The master controller 222 may also be configured to implement security features. The master controller 222 may allow and disallow certain device unit controller 208 x and host unit controller 308 x connections based on permissions. If the master controller 222 receives a request for a connection that is not allowed, the master controller 222 may deny the connection request and respond back to the display 226 that the connection cannot be made. Further, connections also may be password and/or biometric data protected. Upon receiving a request for a connection that is password protected, the master controller 222 may require an appropriate password. Once the correct password has been received and authenticated, the master controller 222 may transmit the commands to the appropriate device unit controller 208 x and host unit controller 308 x. If authentication fails, the master controller 222 may deny the request or offer another chance for a user to re-enter the correct password.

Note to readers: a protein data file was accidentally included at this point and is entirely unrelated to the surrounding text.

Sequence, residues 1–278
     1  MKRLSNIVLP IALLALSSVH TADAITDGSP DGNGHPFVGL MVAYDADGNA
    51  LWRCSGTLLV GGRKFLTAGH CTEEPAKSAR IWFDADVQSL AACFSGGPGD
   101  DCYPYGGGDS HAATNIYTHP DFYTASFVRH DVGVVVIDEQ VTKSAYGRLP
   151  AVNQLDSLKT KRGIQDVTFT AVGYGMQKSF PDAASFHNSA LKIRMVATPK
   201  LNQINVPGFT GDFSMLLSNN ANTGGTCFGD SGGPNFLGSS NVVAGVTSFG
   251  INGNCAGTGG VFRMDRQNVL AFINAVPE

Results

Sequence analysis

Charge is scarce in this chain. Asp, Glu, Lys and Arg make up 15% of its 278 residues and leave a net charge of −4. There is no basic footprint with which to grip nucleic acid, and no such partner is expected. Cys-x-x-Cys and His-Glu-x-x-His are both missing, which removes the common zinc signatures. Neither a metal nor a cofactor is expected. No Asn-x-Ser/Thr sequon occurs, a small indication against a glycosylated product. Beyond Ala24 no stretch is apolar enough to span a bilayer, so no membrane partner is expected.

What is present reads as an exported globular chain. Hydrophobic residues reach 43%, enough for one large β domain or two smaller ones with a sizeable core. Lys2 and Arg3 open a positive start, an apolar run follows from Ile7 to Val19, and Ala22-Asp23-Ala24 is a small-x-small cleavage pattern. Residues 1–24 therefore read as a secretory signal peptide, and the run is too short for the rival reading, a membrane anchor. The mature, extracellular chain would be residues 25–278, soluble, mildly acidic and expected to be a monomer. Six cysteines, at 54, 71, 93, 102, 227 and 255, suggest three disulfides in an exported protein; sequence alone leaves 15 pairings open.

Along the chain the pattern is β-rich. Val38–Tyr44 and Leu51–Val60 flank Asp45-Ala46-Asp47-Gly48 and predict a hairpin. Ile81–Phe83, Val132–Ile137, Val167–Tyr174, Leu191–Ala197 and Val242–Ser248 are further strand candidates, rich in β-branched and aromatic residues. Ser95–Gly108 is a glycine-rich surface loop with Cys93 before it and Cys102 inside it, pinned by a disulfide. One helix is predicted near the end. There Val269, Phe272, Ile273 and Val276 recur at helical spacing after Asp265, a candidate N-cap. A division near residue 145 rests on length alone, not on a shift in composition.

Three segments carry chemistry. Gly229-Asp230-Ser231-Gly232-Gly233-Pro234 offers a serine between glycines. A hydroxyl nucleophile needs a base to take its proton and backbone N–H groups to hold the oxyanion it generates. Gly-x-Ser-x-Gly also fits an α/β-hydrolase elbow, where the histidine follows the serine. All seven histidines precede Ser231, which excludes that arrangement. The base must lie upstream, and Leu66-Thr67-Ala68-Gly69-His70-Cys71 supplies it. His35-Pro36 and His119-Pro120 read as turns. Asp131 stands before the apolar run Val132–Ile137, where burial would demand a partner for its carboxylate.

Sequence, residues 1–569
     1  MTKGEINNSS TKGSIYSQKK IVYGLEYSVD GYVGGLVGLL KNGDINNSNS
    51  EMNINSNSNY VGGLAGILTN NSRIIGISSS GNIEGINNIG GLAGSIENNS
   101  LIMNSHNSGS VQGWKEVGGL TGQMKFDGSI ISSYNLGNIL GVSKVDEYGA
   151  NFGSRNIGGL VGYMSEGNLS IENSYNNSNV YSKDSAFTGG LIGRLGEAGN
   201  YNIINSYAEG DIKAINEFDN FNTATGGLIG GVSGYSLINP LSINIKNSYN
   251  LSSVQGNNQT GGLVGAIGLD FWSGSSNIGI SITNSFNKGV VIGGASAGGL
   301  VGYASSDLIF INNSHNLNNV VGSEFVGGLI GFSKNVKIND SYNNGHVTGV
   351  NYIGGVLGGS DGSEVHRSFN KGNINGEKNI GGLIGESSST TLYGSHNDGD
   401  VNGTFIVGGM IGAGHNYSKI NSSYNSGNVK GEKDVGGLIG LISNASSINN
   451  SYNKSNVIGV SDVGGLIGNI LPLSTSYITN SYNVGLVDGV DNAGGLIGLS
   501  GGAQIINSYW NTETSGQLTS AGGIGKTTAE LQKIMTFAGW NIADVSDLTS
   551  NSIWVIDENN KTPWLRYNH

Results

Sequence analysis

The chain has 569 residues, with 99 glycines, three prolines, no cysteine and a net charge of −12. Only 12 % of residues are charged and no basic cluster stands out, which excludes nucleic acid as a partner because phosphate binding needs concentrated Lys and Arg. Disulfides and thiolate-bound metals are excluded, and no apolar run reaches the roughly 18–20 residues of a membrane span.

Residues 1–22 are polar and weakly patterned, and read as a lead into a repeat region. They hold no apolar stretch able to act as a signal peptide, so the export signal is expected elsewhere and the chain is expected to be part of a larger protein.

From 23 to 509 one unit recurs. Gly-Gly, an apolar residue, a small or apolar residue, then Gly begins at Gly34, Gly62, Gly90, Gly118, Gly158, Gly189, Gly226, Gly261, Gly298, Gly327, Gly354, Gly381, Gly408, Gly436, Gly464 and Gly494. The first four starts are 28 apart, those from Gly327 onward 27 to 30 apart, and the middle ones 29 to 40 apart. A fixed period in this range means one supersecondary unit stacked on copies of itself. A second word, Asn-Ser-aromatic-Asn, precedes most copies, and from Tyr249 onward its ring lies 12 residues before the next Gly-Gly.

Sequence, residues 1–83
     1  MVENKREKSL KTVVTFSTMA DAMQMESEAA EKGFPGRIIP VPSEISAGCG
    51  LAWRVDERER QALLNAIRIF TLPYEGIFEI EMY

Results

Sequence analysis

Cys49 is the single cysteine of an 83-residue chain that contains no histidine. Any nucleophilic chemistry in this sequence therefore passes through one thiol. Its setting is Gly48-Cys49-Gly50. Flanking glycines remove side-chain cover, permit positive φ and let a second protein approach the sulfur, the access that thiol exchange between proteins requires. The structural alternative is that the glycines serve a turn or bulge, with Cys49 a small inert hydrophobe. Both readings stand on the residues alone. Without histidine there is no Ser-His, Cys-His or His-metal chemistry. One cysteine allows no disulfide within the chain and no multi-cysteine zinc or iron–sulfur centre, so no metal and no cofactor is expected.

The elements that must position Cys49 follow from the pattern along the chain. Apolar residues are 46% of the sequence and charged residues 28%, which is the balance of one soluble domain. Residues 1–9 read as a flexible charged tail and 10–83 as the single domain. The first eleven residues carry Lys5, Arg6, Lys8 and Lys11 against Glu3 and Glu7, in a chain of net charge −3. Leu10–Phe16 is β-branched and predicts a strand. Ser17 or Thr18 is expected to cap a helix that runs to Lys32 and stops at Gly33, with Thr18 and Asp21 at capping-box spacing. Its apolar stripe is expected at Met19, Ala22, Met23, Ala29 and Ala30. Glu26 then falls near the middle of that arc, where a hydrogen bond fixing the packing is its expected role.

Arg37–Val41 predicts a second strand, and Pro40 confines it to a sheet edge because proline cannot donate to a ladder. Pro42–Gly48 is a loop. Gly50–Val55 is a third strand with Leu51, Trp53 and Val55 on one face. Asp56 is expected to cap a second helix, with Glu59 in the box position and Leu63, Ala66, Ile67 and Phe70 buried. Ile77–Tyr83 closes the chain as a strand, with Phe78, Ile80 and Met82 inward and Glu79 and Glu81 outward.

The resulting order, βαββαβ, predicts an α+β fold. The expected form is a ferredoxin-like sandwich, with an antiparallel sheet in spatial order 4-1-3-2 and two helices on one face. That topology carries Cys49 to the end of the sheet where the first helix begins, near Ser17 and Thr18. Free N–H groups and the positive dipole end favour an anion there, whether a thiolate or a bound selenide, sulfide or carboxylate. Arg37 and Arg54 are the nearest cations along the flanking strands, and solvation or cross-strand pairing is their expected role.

Also coupled to the BUS 211 is a MUX 212 a. The MUX 212 a performs multiplexing/demultiplexing functions and may use any multiplexing/demultiplexing technology known in the art. The MUX 212 a functions to combine data signals located on the BUS 211 from the device unit controllers 208 x and the master controller 222 in order to send the information to the host unit 300 over the non-USB communications channel 102 a. The MUX 212 a may also receive data sent by the host unit 300 via the non-USB communications channel 102 a and separate the information into the different data signals that were combined by the MUX 304 a in the host unit 300. In an exemplary embodiment, the USB data is sent over a single pair of the non-USB communications channel 102 a.

Depending on the type of video extension used, the MUX 212 a may also function to separate video data signals from one another and/or from data signals. The various ways to separate and combine multiple sources of data for transmission are known to one having ordinary skill in the art.